3. Debt elimination 

The total amount of credit card debt in America is about $416 billion in 2020. If you’re like most people, you probably have a bit of plastic in your wallet as well. In fact, each of us averages about $5,300 in personal credit card debt. 

If we take a close look at student loan debt, we’ll see over $1.5 trillion in student loan debt outstanding in the U.S., with the average amount per borrower exceeding $37,000.

When we assume any type of debt, our creditors expect to be paid when we pass away. Leaving that debt to family members isn’t a kind way to say goodbye to them. For this reason, many people will buy term life insurance. They want to take care of their financial obligations when they die and not let that burden fall on someone else’s shoulders.

It’s time to cancel your term life policy if you took it out for debt elimination when you either no longer have that debt outstanding, or you’re leaving enough cash for your survivors to be able to pay off your debts.

4. Fund college costs

A public four-year institution’s median tuition cost is over $10,000 per year, and it’s over three times that amount for private, nonprofit four-year schools. Some parents fund their children’s education with savings, some children acquire help with scholarship money, and others work their way through college.

However, many parents are unable to fund their children’s education because of income limitations or other extraneous reasons. Parents in this situation may consider purchasing term life insurance policies to rest assured that their children will still get to go to college if they die.

You’ll know to stop term life insurance coverage for education after your kids all have graduated, they’re assured of scholarships when they do go, or they have decided not to pursue higher education.

5. Final expenses 

When we pass away, the need for liquidity doesn’t die with us. The funeral costs, burial expenses, outstanding debts, estate taxes, probate costs, and many other items all require payment. Term life insurance policies can provide the money for survivors to pay all of these final expenses.

If you’ve taken a term life insurance policy out for this reason, you can cancel it when you have enough money saved and stashed away to pay all of your final expenses.

6. Unpaid medical bills or taxes

Some people are fortunate enough to pass away quietly in their sleep at a ripe old age. However, some others have lengthy hospital stays and countless doctor’s visits while they fight off illness or disease in their final days. These medical bills are expected to be paid at death.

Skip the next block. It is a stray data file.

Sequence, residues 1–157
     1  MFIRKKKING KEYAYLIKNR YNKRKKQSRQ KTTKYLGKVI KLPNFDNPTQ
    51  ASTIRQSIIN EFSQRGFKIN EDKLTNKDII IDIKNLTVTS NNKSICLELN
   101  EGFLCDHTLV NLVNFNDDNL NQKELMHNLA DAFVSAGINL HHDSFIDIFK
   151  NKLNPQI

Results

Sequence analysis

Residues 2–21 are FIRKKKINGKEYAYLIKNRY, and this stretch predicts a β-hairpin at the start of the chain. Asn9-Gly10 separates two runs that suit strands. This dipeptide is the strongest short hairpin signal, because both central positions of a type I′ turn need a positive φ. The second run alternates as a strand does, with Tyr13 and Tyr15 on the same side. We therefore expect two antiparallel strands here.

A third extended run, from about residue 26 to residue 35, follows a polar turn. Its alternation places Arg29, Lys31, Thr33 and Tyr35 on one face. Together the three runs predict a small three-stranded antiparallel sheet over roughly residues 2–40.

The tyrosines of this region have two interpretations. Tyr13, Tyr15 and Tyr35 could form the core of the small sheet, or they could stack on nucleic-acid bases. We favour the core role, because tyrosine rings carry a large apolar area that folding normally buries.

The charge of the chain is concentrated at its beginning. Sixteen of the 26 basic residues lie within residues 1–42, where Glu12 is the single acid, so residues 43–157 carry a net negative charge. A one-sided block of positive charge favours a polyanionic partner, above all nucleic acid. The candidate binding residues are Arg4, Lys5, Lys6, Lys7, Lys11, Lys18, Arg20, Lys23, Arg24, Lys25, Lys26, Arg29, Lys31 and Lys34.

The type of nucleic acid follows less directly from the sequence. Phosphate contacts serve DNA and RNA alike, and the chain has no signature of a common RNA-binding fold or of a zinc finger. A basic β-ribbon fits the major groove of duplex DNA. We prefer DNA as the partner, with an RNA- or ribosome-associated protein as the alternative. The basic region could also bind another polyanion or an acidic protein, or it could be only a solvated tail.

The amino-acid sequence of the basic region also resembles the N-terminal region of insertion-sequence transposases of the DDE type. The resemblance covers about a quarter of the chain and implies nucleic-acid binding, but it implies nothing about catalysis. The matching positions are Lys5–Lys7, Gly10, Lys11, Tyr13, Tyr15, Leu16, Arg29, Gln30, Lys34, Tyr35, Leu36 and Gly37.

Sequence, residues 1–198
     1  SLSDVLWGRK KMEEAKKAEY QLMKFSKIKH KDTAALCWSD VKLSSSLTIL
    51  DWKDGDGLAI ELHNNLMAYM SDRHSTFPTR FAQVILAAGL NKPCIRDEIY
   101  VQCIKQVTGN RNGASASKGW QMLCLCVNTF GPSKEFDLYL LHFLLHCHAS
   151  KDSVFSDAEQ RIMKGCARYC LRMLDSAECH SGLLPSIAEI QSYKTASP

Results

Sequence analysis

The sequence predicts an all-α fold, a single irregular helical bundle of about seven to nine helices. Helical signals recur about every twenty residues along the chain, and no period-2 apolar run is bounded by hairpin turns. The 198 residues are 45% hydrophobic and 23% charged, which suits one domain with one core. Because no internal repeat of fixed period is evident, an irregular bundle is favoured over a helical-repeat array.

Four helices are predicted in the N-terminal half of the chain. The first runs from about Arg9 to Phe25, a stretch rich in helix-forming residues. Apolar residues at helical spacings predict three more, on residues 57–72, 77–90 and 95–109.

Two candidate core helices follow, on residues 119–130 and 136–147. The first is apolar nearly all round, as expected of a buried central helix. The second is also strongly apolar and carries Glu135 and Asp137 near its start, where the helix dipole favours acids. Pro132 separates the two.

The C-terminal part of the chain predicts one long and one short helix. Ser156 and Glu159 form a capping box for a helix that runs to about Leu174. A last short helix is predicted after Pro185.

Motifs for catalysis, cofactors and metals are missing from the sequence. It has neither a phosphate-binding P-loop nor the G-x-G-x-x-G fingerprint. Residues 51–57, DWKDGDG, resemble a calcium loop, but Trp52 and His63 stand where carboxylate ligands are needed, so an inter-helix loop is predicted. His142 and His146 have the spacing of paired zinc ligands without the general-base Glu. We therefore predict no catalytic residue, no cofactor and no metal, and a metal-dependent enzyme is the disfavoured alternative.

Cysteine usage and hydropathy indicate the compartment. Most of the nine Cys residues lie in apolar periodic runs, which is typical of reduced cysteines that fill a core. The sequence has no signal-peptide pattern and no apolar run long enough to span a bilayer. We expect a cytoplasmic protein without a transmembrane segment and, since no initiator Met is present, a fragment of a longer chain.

Likewise, an unpaid tax bill also needs to be settled at death. Some people take out term life insurance because they have a family history of certain illnesses, and they want to make sure their loved ones aren’t left with medical bills. Though there’s often Medicare or insurance to pay some of the costs, there can be deductibles and copays that need to be taken care of.

The right time to cancel a term policy when this need exists is after you’ve accumulated enough savings to cover unpaid medical bills and when your taxes are current.

What Happens After You Cancel a Term Life Insurance Policy?

After your financial needs have all been covered and you decide it’s time to cancel your term life insurance policy, you can be certain of two things:

  • The insurance company will not pay any beneficiary you had previously named any type of death benefit when you die. The insurer is absolved of any financial obligations, and the contractual agreement is over.
  • You won’t be receiving any cash back from the insurance company unless you had a specific rider stipulating that you would. Term policies don’t accumulate any cash value like whole life policies do, so the insurance company won’t owe you anything when you cancel your policy.

The good news is that you won’t be financially penalized for canceling. 

Knowing When to Terminate Your Term Life Insurance Policy

As long as you’re in good health and can afford the premium, you can take out a term life policy pretty much any time you’d like. You also can cancel your policy whenever you deem it appropriate to do so.

Evaluating your entire financial situation at least once a year will help you determine if you still need to continue paying your monthly premiums. If in doubt, a financial planner can help you do your analysis and decide accordingly.